Evangelical leaders in Florida believe that Gov. Rick Scott should take an active leadership role on climate change, and that Sen. Marco Rubio's stance on the issue is off-base.
On Tuesday, Joel Hunter, pastor of Northland church in Longwood and a spiritual adviser to President Barack Obama, is hosting a panel discussion on why Christians should care about climate change. One of the panelists, the Rev. Mitch Hescox, president of the Evangelical Environmental Network, is gathering signatures on a petition urging Scott to make climate change one of his priority issues.
"As Christians, we believe that God's grace empowers us to honestly confront the challenges we face and change for the better," the petition
states. "We are failing to keep our air and water clean for our children, contributing to a changing climate that most hurts the world's poor, and putting Floridians at risk as temperatures and sea levels continue to rise. To meet these challenges, we need leaders who understand our duty to God’s creation and future generations. That's why we are calling on Gov. Rick Scott to create a plan to reduce carbon pollution and confront the impacts of a changing climate."
Hescox also penned a letter to Rubio, slamming his recent radio comments doubting man’s contribution to climate change on The Sean Hannity Show.
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"I think the scientific certainty that some claimed isn’t necessarily there, as to what percentage of a contribution man-made activity has made to that," Rubio told Hannity. "Here is what's more important as a policymaker. Their claim is that if we stop doing certain things that will change back. That's absurd. In the very reports that they cite, they admit that's not the case. So you'll have a tornado somewhere and a drought and you'll have the president and his supporters show up and say that this is happening because of climate change, as if to imply that if we eviscerate our economy by imposing cap and trade, these things will stop happening. That's ridiculous."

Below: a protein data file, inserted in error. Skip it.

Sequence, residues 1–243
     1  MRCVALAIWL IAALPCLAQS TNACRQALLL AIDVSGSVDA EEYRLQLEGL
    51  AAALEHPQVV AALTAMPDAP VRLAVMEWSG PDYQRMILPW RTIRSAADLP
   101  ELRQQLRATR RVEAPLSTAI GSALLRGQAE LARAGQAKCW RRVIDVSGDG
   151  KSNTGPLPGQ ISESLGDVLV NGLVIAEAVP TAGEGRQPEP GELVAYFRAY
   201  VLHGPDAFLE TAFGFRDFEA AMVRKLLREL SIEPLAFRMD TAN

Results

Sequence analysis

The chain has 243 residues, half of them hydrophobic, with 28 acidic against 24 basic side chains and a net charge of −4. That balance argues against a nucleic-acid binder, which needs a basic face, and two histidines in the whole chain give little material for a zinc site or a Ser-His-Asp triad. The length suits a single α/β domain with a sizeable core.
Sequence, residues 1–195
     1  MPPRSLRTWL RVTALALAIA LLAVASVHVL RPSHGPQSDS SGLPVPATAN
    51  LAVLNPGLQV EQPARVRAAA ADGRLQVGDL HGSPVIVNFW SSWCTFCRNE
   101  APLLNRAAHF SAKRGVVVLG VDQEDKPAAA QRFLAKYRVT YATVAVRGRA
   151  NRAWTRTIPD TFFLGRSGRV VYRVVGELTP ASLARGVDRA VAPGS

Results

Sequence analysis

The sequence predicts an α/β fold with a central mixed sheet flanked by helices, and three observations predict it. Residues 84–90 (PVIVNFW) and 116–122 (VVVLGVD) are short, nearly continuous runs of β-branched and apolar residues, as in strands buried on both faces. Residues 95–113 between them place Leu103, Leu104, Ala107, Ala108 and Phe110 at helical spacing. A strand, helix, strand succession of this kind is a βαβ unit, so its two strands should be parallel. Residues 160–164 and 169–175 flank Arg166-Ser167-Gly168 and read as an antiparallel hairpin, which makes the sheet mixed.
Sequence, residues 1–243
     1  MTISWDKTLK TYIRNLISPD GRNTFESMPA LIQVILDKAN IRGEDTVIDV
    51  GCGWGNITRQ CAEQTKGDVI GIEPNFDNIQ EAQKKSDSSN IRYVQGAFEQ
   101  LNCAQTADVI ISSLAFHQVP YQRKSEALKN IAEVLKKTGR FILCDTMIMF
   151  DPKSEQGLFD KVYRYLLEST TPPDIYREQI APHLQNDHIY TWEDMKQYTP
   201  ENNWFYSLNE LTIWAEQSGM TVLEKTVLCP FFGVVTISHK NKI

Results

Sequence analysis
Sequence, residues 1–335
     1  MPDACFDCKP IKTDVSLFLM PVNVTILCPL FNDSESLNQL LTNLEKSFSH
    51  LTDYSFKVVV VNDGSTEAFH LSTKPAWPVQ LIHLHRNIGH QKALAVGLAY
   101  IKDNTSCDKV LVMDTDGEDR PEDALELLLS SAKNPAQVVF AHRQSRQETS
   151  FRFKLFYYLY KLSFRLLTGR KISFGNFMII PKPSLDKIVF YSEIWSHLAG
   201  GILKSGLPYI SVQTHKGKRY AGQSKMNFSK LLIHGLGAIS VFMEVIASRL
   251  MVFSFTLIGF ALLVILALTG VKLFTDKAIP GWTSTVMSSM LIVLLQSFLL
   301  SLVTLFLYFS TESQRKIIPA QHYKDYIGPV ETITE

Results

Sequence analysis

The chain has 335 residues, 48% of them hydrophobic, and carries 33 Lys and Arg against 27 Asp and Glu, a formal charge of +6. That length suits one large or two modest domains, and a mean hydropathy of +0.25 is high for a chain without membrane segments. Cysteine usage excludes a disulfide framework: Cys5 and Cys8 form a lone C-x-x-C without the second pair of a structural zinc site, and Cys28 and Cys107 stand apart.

Rubio went on to suggest that his liberal critics on climate change are hypocrites for believing that life does not begin at conception.
"All these people always wag their finger at me about science and settled science," Rubio said. "Let me give you a bit of settled science that they'll never admit to: Science is settled, it's not even a consensus — it is a unanimity — that human life beings at conception. So I hope the next time that someone wags their finger about science, go ask one of these leaders on the left: 'Do you agree with the consensus of scientists that say that human life begins at conception?' I'd like to see someone ask that question. It's never asked. And that's not even a debatable thing. We can actually see that happening. I mean, that is a proven fact. That's a scientific consensus they conveniently choose to ignore."
Hunter, who has urged his congregation to do their part in conserving energy as part of the "moral responsibility of the church to lead in areas that can benefit and protect people," believes that Rubio is taking the wrong approach in defending his position.
"I'm pro-life, so everything about it, I'm in," Hunter told the Tampa Bay Times.
"But even if that's true, two wrongs don’t make a right. It's not like you can prove the validity of your stance by saying the other side has a wrong stand. That's not logical."
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